“I can’t go cruising…..I get seasickness, I’ll just stick to short trips”.
Everybody can get seasick, some just get it more than others. There are some rare, very lucky souls, who have never felt it – yet. And I say ‘yet’ because given the right situation, it can happen to anyone.
Getting seasick just as a great trip starts, as you head out for a coastal cruise or even a blue-water crossing, is really a bit like getting a hangover BEFORE the party even starts. The sick part comes first, before the enjoyment, but then, what fantastic enjoyment it is when the ‘hangover’ is over. When the mist and bleary wretched haze clears from your eyes and with a rush of blood to the legs the wobbles disappear and your sea legs arrive. You greedily suck the clean, crisp sea air into your lungs and savour it, throwing your head back from where it spent so many hours hanging over the gunnels to now feel the wind in your hair. Gone are the racking stomach cramps and suddenly your appetite is back, you want to eat, lots. You look out on the ocean, life is great and the previous 2 days’ desire to jump overboard and swim ashore seems a distant nightmare.
Yes, the good news is – you DO get over it. All professional sailors will agree, and of all the tens of thousands of miles of charter sailing trips I’ve taken guests on, every single person that ever got seasick always got over it. For some it was over in hours, whilst for others it took a full two days out at sea. Even with a lifetime spent on the ocean I myself may not get sick for ten thousand miles, then suddenly it may hit me just as I depart to cross an ocean or head to another country, but we ALL find that suddenly it is over.
I’m no “sea-salt” tough guy hero, but I have crossed many oceans, sailed through cyclones, raced internationally and done tens of thousands of sea miles as a professional in small boats. Years ago I regularly threw up with the best of them, but the cruising always made it worth it. Once I discovered the solution, I haven’t been sick in many years. I have lived on the ocean most of my life, and train my brain to deal with it now almost every single day.
Your Brain and Motion:
Lets start by understanding seasickness with a quick biology lesson.
Throughout life your brain has the job of interpreting information from eyes, ears, touch etc and translating it into ‘facts’. It then uses these ‘facts’ to make decisions for you. For example, if you tilt your head back, your inner ear, which has little hairs with sensor balls stuck on top of them, says to the brain “hey brain, these little balls on hairs are bending backwards”. At the same time, if your eyes are open they say to the brain, “I can see a ceiling”. “Aha!”, your brain would then say, “We see a ceiling and the little balls on hairs are leaning towards the back of my ear, so; FACT: we are leaning back. When your brain sends a ‘message’ to your eyes telling them to move in a direction, let’s say left, a copy of this command is duplicated in the part of the brain responsible for modelling it’s interpretation of the environment. If you tell your eyes to move left, the modelling section of the brain also received this command. The brain also uses input from your muscles and nerves, and analyse pressures from parts of your body to work out if you were looking up, falling backwards, lying back or leaning against something. Based on the many sensors, it then computes an accurate model of the world and makes decisions based on this. It may fling out your arms to balance you, or do something else. All this occurs subconsciously many thousands of times a minute. However, human ingenuity has progressed at a rate beyond that at which evolutionary adaptation of the brain can work…as explained below:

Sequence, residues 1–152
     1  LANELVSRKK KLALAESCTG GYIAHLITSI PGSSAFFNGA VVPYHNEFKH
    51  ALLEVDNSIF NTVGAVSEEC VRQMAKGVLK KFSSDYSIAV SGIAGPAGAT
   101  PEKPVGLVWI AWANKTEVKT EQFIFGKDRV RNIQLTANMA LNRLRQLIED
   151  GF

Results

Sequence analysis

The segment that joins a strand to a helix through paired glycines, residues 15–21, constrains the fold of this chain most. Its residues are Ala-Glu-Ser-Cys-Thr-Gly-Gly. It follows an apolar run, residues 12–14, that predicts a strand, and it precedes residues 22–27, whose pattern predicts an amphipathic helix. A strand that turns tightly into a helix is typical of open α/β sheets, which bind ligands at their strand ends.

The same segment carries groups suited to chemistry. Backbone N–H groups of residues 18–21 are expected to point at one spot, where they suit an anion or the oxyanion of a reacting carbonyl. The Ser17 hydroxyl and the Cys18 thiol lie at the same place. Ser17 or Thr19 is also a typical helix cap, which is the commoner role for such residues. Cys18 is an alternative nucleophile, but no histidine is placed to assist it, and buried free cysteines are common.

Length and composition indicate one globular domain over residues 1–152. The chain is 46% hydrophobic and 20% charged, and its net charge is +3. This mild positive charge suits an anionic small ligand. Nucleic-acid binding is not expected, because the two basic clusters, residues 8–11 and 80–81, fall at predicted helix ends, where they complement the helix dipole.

The confused brain and seasickness:
When you are accelerating, (eg in a car or airplane) these same little inner ear balance balls on hairs also lean backwards, exactly the same as when you are lying down. This time your eyes tell your brain that you are not lying down, ‘hey, look, we are going faster than that car’. Your brain decides a different reaction, it learns what to ignore and what to pay more attention to. It makes you tense up, lean forward, or do whatever it feels is necessary to compensate and to balance yourself.
But our brain is not set up for boating and flying. Airplane pilots need to rely on instruments when flying in bad weather, because their brains get confused about whether accelerating is actually climbing and whether the ground is here or there etc. In training, pilots get placed under a hood to confuse their brains by sending different signals to it by banking, accelerating, turning, applying yaw, roll etc and FACT; no pilot knows what is up or down, whether turning, spinning left or right. They get taught to not believe their brains and taught to believe the instruments, yet planes still crash because of this when pilots’ brains told them to do the wrong thing. The result is called Controlled Flight Into Terrain (CFIT), which still accounts for 34% of crashes.